Matthew Gordon was at a restaurant in the southern city of Bangalore with his girlfriend on Saturday when around a dozen activists from the ruling Hindu nationalist Bharatiya Janata Party began harassing the couple.
They said a tattoo of the fertility goddess Yellama on his shin offended their religious sentiments, and ordered him to remove it.
Bangalore deputy police commissioner Sandeep Patil said Gordon told officers at the station that the men had threatened to skin his leg if he did not.
“I was relieved to see a policeman, but much to my shock he started to blame me, and said, ‘This is India and we are insulting Hindus’,” Gordon later told The Hindu daily.
“He then took me to the station… we were forced to sit there for three hours. They let me go only after I gave an apology saying I will cover this tattoo.”
Tensions between Gordon and the activists only eased after the 21-year-old tourist wrote a letter of apology addressed to a local police inspector in which he agreed to cover up his tattoo while in India.
However, police said Monday they had obtained CCTV footage of the incident and were taking it seriously.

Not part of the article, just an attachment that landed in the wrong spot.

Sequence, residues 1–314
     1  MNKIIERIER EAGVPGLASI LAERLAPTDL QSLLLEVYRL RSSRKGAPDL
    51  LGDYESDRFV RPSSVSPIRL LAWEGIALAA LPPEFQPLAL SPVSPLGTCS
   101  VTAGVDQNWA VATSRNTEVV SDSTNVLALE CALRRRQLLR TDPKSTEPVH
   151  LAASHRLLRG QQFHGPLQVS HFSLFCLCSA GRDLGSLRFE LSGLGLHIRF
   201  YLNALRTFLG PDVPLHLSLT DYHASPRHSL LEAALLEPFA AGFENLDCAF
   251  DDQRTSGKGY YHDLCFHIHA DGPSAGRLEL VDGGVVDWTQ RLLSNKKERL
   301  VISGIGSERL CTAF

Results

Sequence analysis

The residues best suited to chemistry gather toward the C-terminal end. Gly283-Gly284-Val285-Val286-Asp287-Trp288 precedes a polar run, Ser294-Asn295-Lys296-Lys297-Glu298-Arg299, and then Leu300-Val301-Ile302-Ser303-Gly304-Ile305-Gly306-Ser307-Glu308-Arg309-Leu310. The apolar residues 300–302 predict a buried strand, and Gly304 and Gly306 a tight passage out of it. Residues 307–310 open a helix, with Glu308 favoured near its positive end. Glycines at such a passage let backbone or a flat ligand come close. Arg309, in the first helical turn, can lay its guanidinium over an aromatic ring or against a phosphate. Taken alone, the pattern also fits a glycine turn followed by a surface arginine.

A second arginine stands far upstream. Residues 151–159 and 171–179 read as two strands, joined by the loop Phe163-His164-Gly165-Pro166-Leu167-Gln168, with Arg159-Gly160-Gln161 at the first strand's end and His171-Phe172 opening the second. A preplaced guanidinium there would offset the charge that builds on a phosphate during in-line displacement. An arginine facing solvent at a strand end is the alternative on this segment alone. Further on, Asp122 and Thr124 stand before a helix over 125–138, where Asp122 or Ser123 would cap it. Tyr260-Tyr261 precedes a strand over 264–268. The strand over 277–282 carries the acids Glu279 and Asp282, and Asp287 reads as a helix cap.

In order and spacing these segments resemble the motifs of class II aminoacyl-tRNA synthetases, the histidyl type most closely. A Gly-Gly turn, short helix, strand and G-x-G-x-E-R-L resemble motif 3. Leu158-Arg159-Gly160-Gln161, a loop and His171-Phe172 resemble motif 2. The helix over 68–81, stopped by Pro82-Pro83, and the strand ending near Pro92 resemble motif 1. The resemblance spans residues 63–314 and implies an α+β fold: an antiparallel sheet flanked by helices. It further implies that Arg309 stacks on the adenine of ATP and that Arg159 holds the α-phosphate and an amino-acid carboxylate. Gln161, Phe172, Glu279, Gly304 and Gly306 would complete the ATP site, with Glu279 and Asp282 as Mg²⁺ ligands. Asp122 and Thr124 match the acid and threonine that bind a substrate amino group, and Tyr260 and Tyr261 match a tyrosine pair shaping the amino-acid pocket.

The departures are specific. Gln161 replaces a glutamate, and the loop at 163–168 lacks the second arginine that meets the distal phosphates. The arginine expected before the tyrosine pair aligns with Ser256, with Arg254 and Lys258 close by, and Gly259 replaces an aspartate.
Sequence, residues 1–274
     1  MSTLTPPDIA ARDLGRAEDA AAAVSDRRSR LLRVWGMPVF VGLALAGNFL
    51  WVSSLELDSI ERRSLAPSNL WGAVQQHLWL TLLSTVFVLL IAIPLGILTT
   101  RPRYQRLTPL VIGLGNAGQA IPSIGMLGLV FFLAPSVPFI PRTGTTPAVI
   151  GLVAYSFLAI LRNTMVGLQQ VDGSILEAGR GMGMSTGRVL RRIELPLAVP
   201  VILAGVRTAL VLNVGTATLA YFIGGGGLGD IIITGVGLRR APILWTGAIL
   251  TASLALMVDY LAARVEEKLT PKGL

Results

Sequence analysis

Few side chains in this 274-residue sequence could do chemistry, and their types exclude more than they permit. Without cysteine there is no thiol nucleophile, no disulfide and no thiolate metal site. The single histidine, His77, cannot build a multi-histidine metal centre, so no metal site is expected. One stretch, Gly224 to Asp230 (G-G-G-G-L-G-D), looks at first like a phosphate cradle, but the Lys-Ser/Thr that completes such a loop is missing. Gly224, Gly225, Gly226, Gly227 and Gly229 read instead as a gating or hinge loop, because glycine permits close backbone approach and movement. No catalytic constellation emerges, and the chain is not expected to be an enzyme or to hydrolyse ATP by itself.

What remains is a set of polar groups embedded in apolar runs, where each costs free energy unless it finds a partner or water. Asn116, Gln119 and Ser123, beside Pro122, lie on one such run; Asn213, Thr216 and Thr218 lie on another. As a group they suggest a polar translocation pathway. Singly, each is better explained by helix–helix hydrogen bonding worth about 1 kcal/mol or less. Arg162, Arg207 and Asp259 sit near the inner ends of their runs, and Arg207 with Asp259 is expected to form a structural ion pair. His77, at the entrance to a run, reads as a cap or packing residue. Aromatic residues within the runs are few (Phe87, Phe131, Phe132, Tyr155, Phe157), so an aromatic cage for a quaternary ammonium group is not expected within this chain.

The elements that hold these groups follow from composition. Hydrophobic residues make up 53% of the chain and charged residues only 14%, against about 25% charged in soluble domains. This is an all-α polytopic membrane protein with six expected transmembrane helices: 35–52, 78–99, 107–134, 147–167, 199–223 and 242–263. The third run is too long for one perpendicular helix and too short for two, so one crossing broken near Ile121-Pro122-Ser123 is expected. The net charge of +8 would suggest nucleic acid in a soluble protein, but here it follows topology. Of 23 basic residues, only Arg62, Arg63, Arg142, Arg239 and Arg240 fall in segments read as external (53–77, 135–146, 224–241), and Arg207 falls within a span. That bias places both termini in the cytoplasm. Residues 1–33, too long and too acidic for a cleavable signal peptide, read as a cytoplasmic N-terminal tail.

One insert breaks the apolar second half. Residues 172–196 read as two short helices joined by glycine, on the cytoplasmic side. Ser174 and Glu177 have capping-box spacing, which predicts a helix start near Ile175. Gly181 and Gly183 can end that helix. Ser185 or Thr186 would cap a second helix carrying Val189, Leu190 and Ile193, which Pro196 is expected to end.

“(We) will act against them (the activists) if they are guilty,” Patil told reporters.
Critics say right-wing Hindu extremists have been emboldened by the BJP’s victory in a general election last year.
In August a leading scholar who had spoken out against idol worship was murdered in Karnataka state — where Bangalore is located — after receiving death threats from Hindu hardliners.
Gordon, a law student, told The Hindu he had a strong attachment to the faith after spending three years in the southern state of Tamil Nadu.
He said he had another tattoo on his back of the Hindu elephant god Ganesh that took 35 hours to complete.
“These tattoos mean a lot to me. I’m not sporting them because of their exoticism. I know the mythology and the values of the gods inked on me,” the paper quoted him as saying.
Australia’s High Commission (embassy) said it was concerned about the incident and was speaking to local authorities.